• Lexile: 1190L*
          • My Lucy Friend Who Smells Like CornMy Lucy Friend Who Smells Like Corn (Author Sandra Cisneros uses her unconventional writing style to share the story of an unforgettable girl named Lucy)
      • Type of Selection: Short Story
        • Lexile: 760L*
          • Harrison Bergeron (What will life be like in the year 2081? Science fiction writer Kurt Vonnegut has some ideas in this story of an outcast boy named Harrison.)
      • Type of Selection: Short Story
        • Lexile: 690L*
          • Powder (When a father and his son face a road block on their way to a ski adventure, they use their quick thinking in order to reach their destination.)
      • Type of Selection: Short Story
        • Lexile: 1000L*
          • The Monkey's Paw (What would you do if you had three wishes that were guaranteed to come true? Read what happens to the White family when they get this opportunity.)
      • Type of Selection: Poem
          • The Wreck of the Hesperus (The tall ship Hesperus is caught in a storm, and the captain tries to save the life of his young daughter.)
    *Lexile Scores for literary selections are less accurate than those for informational text because the scoring system relies on sentence length and word difficulty in establishing a score, which does not account for content or concept complexity.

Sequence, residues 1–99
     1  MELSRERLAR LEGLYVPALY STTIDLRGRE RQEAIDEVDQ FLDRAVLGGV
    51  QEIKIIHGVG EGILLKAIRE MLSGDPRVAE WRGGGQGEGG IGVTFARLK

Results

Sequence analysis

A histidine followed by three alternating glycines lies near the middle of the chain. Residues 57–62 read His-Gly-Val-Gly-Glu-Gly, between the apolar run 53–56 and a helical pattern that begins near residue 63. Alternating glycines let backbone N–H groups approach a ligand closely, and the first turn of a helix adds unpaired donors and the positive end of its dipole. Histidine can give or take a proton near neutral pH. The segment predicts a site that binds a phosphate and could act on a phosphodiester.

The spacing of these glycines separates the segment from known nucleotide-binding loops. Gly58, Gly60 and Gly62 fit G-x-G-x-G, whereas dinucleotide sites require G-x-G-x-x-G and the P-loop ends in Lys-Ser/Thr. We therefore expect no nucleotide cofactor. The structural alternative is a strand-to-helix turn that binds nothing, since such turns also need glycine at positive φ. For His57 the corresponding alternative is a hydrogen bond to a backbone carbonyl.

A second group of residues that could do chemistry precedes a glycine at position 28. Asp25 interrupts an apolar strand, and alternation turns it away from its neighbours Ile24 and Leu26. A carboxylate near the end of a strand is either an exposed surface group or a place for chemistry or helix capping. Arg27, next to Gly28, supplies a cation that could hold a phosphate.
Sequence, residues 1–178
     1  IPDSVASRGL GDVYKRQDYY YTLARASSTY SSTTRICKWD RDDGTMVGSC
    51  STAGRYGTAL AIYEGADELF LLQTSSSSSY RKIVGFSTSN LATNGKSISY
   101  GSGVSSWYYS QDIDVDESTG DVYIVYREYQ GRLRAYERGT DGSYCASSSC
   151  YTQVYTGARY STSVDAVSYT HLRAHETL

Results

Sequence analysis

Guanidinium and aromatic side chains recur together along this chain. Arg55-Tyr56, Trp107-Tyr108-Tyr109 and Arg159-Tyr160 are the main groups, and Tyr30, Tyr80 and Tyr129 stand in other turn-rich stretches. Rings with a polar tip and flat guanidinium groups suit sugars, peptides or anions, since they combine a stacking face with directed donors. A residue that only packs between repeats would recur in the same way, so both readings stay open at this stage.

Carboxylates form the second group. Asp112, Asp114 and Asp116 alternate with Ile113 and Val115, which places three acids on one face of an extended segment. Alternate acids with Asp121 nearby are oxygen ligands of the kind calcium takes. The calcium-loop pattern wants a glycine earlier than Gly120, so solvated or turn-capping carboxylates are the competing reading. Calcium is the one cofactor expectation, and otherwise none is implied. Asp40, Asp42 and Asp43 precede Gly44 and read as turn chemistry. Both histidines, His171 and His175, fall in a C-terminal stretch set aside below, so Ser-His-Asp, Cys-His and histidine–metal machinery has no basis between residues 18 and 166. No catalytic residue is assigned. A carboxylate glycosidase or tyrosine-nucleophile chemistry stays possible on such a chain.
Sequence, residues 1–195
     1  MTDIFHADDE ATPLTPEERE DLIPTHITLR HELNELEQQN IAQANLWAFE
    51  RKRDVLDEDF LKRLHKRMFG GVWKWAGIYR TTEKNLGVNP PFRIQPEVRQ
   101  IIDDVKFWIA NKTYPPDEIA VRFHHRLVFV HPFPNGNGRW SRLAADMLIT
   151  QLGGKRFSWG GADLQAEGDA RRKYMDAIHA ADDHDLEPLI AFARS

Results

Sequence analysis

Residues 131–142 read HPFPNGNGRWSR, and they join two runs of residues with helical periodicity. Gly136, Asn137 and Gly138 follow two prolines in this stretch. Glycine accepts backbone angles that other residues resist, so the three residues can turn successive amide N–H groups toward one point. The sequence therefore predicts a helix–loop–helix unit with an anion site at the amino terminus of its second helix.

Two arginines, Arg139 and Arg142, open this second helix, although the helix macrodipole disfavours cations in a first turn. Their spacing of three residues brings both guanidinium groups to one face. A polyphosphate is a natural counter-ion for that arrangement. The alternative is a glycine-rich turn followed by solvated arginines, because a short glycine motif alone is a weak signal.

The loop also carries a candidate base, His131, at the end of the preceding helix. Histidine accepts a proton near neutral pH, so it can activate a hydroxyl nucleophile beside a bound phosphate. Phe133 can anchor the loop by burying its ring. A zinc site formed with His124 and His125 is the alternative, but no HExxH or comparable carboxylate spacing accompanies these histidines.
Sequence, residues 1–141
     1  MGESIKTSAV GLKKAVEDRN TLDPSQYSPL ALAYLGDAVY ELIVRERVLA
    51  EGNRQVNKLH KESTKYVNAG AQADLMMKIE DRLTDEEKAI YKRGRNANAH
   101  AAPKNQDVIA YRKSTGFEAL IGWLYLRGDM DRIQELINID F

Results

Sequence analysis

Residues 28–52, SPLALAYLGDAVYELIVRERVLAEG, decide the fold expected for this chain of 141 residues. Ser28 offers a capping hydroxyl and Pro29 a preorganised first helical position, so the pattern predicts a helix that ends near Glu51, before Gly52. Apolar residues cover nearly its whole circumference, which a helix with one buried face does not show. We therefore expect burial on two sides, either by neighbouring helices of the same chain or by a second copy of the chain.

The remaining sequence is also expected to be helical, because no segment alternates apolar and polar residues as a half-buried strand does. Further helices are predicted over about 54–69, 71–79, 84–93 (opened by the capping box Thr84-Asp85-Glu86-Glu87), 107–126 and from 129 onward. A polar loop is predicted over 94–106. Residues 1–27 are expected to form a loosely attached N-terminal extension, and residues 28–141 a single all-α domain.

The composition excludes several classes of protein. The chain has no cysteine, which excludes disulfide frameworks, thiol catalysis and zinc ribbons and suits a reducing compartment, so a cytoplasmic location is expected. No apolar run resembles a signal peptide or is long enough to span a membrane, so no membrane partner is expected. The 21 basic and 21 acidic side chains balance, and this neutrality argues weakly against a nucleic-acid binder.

• Informational Text: High School Practice Reading Work Samples
      • Subject: Social Studies
        • Lexile: 1150L
          • Mayor Bloomberg Stands up for Mosque (New York City Mayor Bloomberg, Council Speaker Christine Quinn, and ten religious leaders of various faiths journeyed to Governors Island this afternoon to show their support for the proposed mosque and community center near the World Trade Center site. With the Statue of Liberty in the background, the mayor gave what sounded like one of his most heartfelt speeches ever.)
      • Subject: Social Studies
        • Lexile: 1110L
          • I Have a Dream (In his famous 1963 speech, Dr. Martian Luther King Jr. seeks an end to racial injustice and equality for all U.S. citizens.)
      • Subject: Social Studies
        • Lexile: 1180L
          • Fighting Over Food (Soaring food prices are spreading hunger and helping to spark revolutions in the Mideast. Why is food so scarce?)
      • Subject: Social Studies
        • Lexile: 1000L
          • Is it Fair to Eat Chocolate? (Do you love chocolate? Did you know children in West Africa work 12 hour days to pick the cocoa beans for your Snickers bar? Learn more in this revealing article.)